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Shirley Valentine

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Life change is real and positive in FST’s Shirley Valentine. By Kay Kipling   What would you do if your kitchen—and your life—were so confining that you were literally stuck talking to the wall? Well, if you’re playwright Willy Russell’s winning heroine, Shirley Valentine, you’d take off for a life-changing trip to Greece that would […]

July 8, 2009


Life change is real and positive in FST’s Shirley Valentine.

By Kay Kipling
 
What would you do if your kitchen—and your life—were so confining that you were literally stuck talking to the wall? Well, if you’re playwright Willy Russell’s winning heroine, Shirley Valentine, you’d take off for a life-changing trip to Greece that would help to recapture the real you, the one buried under years of routine, boredom and increasingly lowered expectations.

Shirley (Susan Greenhill in this Florida Studio Theatre production at the Gompertz Theatre) is a middle-aged Liverpool housewife, whose kids are pretty much grown up and whose husband expects exactly the same food with his tea according to the day of the week. As she speaks to us in this one-woman play, Shirley recalls early days of her life, in school and when first married, and dreams aloud about the seemingly impossible adventure of going to the Greek islands with her friend Jane for a fortnight. As she puts it, Shirley longs to “drink a glass of wine where the grape is grown” and also to make the most of what she considers the “unused life” within her.

 
Despite the suspicions of her daughter, her husband and her neighbor, Shirley doesn’t mean by that having an extramarital fling with a Greek native—although when she does in fact make it to Greece and meets a taverna owner named Costas, sparks do fly. She just wants to be the Shirley Valentine she once was, before she settled down and became wife and mother Shirley Bradshaw.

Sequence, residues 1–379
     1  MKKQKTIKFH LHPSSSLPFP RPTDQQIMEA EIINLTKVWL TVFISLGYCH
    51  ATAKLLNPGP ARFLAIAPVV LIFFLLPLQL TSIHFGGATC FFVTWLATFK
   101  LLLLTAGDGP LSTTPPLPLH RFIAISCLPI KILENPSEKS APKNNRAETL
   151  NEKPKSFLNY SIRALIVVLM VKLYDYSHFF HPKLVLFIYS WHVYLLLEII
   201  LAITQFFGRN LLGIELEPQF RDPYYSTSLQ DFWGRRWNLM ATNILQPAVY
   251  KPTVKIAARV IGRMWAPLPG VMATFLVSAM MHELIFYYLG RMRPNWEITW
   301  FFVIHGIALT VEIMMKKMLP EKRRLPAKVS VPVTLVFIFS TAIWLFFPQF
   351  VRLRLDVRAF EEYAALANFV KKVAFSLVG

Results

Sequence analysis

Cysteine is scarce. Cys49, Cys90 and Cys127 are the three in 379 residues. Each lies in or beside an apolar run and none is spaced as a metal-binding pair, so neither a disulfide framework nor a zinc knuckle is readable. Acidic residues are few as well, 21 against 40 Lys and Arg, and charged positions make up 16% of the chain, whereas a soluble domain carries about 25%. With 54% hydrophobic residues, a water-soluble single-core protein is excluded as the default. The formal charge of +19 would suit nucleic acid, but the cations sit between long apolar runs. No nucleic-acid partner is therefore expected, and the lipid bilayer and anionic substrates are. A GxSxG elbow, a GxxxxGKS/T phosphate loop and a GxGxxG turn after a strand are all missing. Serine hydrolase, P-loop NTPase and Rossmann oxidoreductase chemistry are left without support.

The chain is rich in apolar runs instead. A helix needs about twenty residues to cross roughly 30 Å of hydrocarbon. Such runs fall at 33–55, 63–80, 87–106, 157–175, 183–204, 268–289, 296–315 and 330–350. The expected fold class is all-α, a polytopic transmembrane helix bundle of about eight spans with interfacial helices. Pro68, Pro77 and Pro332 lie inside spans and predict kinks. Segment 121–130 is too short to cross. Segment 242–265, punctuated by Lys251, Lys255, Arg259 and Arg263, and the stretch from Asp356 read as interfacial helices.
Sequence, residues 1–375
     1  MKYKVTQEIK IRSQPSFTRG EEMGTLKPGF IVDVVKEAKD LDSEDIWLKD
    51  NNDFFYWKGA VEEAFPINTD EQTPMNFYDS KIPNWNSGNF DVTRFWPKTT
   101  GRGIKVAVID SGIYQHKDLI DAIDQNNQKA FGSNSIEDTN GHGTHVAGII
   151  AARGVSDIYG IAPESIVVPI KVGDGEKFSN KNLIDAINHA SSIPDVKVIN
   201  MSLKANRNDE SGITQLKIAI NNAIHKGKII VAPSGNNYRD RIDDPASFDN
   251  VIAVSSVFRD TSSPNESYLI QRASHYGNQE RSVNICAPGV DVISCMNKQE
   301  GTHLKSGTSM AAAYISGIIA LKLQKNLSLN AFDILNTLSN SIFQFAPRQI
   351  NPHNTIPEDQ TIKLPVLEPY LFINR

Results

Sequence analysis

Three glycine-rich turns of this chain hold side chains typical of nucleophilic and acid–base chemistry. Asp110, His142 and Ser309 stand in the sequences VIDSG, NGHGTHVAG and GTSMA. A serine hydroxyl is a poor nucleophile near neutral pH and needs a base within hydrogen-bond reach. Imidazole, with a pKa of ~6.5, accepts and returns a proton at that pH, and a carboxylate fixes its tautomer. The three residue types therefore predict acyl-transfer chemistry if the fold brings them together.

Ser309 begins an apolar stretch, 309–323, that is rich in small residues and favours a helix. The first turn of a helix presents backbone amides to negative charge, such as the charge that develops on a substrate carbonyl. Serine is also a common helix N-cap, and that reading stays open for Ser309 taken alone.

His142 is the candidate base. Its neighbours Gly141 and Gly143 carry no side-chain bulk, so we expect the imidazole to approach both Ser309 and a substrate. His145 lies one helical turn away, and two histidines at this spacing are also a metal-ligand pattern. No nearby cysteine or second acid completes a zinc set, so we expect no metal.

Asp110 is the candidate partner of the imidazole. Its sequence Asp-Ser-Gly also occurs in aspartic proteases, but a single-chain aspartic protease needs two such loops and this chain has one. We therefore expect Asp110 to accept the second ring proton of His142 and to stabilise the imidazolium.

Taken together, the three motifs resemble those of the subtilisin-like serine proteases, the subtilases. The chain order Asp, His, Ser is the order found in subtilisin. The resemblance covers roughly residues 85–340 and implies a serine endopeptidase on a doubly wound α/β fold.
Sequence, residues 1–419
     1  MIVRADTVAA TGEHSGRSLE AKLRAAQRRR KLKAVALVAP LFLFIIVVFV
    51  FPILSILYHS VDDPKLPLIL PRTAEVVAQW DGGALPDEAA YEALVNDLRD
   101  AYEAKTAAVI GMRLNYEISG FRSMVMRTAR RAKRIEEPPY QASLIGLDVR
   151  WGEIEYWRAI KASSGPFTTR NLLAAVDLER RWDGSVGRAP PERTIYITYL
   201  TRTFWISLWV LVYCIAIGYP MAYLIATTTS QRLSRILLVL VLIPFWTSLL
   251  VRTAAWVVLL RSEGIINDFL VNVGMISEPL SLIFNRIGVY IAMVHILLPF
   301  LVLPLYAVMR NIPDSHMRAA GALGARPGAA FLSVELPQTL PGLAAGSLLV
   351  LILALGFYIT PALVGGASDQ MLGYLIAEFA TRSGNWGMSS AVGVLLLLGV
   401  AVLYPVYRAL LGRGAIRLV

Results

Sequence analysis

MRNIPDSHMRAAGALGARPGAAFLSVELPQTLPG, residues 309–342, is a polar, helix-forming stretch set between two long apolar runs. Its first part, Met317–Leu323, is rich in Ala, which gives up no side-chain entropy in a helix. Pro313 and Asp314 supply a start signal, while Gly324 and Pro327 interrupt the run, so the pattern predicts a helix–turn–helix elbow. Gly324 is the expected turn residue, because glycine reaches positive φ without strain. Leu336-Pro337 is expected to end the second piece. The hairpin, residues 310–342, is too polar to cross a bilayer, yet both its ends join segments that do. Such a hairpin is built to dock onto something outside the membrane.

There’s lots of humor and warmth in this portrait. Russell’s hit play has had long life since first being staged several decades ago, and that’s certainly because while Shirley is a unique individual, we can all identify with her quest. It helps that Greenhill has some fine comic lines to deliver (“Marriage is like the Middle East,” she says at one point, “there’s just no solution”) and that’s she so effective at rendering the voices and personalities of her unseen family and friends.
 
It’s impossible not to like Greenhill and Shirley, and when we move from her tidy but stifling kitchen to the beaches of Greece in Act II, it’s not only the setting that changes; her physical and spiritual transformation is totally believable as well. It’s enough to make any of consider booking a flight right now.
 
Shirley Valentine is set to run through Aug. 9; call 366-9000 or go to floridastudiotheatre.org for tickets.